Keep an eye on the spawning Herring, find them and you find the fish. What to cast? Again, lots of choices will get the bite. Sashimmy Shads and Lanier Baits Magic Swimmers are a couple of consistent producers. Soft plastics on the lead head, and top waters should all get the bite. The same baits will have application for any schooling fish you see chasing bait, and that is occurring frequently now!

Striper (courtesy of Buck Cannon Guide Service): Lanier stripers has finally come to terms that spring is finally here. The fish are fattening up so expect some exciting action in the near future. Planer boards, weighted and unweighted flat lines and down lines will be methods to use. Blue backs, gizzards and shiners are all effective baits. Using your electronics locate the bait and put your spread out and give it 30 minutes and if they don’t cooperate move to the next bait location. Another method is to pitch live baits to humps and points. Throw from the sides not directly into the point. Thanks for spring time. Remember to wear your life jackets.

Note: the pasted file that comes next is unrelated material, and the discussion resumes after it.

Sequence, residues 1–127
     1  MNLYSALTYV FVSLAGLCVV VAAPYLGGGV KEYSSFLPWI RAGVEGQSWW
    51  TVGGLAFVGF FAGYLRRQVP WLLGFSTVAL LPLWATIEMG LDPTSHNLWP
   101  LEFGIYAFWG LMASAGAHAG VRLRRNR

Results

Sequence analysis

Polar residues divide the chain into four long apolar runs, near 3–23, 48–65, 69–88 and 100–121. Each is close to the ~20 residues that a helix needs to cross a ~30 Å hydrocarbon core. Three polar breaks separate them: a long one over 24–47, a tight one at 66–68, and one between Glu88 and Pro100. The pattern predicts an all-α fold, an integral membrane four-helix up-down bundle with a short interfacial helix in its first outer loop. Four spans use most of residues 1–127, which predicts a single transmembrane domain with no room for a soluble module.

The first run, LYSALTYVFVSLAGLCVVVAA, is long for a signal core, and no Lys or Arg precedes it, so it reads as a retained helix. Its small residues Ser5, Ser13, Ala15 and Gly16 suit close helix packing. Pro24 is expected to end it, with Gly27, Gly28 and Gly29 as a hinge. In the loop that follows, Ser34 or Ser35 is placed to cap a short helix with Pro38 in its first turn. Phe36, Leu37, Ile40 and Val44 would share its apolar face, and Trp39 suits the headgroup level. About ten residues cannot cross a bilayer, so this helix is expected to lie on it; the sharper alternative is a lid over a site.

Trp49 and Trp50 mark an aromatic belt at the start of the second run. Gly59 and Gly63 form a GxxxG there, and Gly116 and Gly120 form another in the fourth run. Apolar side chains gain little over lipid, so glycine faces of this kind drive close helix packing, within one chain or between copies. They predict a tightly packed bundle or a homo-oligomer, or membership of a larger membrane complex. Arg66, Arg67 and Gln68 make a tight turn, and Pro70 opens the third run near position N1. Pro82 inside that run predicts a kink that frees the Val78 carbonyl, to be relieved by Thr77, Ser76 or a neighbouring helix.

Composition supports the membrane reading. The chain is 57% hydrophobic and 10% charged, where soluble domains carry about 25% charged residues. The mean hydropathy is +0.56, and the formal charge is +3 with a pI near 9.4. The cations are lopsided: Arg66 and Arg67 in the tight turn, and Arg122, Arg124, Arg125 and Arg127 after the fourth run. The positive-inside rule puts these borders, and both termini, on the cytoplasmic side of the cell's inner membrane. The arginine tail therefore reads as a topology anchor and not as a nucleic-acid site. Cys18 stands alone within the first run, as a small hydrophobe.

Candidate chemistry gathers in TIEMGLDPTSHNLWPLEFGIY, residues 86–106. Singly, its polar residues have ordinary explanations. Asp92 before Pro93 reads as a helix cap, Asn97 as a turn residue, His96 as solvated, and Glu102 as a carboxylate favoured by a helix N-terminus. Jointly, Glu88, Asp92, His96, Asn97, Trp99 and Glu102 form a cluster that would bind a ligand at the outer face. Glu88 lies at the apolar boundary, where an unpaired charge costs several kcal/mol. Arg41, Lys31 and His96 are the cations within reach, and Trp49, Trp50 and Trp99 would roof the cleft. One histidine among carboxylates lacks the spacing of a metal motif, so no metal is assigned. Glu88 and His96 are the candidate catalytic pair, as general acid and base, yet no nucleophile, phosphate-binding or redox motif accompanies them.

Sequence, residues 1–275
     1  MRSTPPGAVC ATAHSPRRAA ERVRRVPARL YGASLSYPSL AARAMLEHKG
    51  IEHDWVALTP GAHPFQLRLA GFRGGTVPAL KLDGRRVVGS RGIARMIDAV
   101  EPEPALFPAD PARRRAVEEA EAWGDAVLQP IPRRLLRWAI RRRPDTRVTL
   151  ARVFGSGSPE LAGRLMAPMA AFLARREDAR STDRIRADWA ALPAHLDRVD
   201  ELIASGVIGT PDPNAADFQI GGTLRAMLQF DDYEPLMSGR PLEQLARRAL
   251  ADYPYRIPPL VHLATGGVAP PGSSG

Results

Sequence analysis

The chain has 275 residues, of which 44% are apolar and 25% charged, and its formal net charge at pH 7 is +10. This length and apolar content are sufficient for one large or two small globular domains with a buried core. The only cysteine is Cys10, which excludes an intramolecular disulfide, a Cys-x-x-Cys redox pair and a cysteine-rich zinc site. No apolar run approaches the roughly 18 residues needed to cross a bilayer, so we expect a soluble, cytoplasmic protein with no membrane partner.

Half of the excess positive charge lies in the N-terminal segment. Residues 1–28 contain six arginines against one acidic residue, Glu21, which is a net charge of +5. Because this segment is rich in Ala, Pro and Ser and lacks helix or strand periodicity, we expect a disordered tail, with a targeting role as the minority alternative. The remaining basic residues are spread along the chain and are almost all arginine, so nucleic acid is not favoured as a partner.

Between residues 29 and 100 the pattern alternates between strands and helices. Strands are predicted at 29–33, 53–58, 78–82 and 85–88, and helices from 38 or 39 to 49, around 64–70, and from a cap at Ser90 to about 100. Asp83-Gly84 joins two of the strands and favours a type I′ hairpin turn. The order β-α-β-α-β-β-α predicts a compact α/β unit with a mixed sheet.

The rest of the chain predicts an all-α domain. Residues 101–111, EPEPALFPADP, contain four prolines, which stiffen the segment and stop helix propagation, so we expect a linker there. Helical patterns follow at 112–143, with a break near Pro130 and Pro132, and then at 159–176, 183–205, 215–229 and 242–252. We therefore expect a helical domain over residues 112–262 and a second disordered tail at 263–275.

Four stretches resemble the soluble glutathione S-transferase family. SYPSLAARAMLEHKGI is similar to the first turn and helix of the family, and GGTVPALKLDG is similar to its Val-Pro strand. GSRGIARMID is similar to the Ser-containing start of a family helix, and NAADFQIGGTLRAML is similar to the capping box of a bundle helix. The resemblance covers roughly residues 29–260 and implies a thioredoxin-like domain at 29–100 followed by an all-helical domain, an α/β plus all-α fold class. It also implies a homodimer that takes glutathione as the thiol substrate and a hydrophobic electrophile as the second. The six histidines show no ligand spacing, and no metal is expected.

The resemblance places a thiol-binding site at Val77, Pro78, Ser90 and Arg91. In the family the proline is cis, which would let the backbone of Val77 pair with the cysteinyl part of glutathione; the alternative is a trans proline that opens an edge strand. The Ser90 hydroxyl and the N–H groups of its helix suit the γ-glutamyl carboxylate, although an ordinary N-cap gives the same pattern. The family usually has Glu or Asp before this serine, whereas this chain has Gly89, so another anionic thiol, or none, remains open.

Lanier Striper 2 (courtesy of Captain Mack’s Fishing Report): The bite is good, and the techniques are really the same as recent weeks. The fish are also using the same types of structures and areas, with maybe a little more emphasis on the Herring spawn. The fish are pretty catchable when you find them so stay in the move until you locate them. Free lines and planers continue to account for good numbers of fish, but the down lines are still producing and are perhaps a bigger part of the pattern than in the last few weeks.  Keep in mind the floating down lines, they are often a good technique at this point in the year. Herring and Gizzard Shad are catching fish, with shiners also still being effective, the shiners mostly on the free lines. Pulling the baits around shallow humps, reef poles, and points is a solid pattern, best in the am, but effective all day. Looking for the spawning bait fish remains a good strategy, find the bait fish spawns and the Stripers will likely be nearby. Shad and Herring may spawn on almost any type of rock or hard surface. Look around the ridge pilings, seawalls, rip rap or rocky banks. The fish that are around the bait concentrations may be shallow, especially early. After the bait fish activity slows or ceases, the Stripers may stay in the same area, just backing off into deeper water and relating very loosely to the structure.